Roy Gilbert

She Put Her Unspent Love in a Cardboard Box

In the back of my closet is a small cardboard chest with brass handles and latches that has followed me to every new address; it’s the first thing I find a place for as the moving truck pulls away. An old sticker on the bottom says it was purchased at Ross for $26.99. The only remaining contents are three wrapped presents marked in my mother’s tidy cursive: “Engagement,” “Wedding” and “First Baby.”

My mother, who put her business degree to use running a small nutritional beverage company with my father in Santa Rosa, Calif., while raising my older brother and me, was always prepared. By day she made marketing slogans, distribution strategies, five-year plans. By night: bubble baths, pillow forts, bedtime stories.

She and I had the same February birthday. Each year my parents arranged elaborate parties. She once spent a week making a school of origami fish to swim through tissue paper seaweed across the ceiling of our dining room.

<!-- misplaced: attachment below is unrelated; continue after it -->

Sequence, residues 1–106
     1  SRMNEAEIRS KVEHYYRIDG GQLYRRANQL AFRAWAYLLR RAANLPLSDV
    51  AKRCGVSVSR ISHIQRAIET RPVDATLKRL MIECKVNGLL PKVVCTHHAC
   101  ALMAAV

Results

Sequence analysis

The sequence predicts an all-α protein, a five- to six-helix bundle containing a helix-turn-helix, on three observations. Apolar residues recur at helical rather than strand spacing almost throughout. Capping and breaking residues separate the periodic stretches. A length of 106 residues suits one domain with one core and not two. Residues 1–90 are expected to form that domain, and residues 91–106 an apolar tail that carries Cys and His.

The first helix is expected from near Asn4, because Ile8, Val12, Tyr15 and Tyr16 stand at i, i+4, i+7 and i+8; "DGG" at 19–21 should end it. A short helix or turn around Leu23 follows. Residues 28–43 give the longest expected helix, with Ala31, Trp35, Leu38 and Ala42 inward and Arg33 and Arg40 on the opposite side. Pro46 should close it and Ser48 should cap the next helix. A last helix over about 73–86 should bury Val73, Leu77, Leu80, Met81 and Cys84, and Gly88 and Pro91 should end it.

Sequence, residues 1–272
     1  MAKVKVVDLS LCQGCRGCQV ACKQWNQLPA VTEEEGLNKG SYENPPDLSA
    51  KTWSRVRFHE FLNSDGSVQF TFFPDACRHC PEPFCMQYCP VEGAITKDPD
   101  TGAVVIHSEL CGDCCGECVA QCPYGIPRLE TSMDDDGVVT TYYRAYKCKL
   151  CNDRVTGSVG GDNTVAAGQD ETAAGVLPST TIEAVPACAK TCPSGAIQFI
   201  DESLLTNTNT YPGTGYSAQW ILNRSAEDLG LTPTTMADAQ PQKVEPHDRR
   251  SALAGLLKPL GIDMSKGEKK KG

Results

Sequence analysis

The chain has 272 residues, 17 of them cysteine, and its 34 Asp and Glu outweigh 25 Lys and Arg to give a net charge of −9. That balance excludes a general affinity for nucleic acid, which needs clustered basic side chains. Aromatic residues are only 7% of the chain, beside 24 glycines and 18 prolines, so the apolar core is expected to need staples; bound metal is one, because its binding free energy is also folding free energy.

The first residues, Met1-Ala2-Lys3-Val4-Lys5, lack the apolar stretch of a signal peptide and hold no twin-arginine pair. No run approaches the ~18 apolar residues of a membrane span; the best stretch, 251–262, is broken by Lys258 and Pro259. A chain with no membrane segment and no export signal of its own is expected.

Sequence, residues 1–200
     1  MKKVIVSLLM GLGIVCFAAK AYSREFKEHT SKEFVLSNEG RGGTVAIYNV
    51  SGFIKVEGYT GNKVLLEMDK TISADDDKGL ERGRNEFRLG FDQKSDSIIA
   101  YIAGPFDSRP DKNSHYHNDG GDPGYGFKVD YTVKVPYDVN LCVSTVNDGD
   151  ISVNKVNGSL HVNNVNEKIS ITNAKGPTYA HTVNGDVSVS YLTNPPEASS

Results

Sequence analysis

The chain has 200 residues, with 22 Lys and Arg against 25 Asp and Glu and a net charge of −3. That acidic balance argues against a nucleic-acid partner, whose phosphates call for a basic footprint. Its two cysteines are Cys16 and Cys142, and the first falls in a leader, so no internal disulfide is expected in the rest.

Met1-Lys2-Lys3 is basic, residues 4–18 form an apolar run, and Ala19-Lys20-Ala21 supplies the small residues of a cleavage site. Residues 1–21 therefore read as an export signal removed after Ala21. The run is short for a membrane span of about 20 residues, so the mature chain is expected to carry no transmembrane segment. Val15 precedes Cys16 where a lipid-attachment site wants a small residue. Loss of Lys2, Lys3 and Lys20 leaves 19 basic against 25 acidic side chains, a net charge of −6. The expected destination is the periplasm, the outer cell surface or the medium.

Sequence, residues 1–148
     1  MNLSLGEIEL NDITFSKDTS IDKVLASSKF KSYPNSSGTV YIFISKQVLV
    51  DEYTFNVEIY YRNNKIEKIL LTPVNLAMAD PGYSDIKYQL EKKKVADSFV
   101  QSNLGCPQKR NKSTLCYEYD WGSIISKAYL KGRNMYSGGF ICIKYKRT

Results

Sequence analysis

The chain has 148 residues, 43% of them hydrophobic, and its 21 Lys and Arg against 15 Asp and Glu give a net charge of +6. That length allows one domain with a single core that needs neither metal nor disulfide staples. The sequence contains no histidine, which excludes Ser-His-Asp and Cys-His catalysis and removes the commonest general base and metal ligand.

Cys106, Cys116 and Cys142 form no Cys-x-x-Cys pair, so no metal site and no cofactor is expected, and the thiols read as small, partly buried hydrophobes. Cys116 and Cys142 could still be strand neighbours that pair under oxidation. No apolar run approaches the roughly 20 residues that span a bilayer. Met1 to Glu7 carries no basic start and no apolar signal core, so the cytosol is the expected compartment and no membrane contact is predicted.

When I was 3, she learned she had advanced breast cancer and immediately began to prepare by researching every available treatment: conventional, alternative, Hail Mary. She flooded her body with chemotherapy and carrot juice.

Each day, she would sit for hours at our long oval dining table, her straight dark hair tied back, surrounded by piles of paper, studying dense, technical paragraphs.

“Medical research,” my father said as he shepherded me from the room.

She was always looking for a way to survive.When I was 7, the materials on the dining table began to […]

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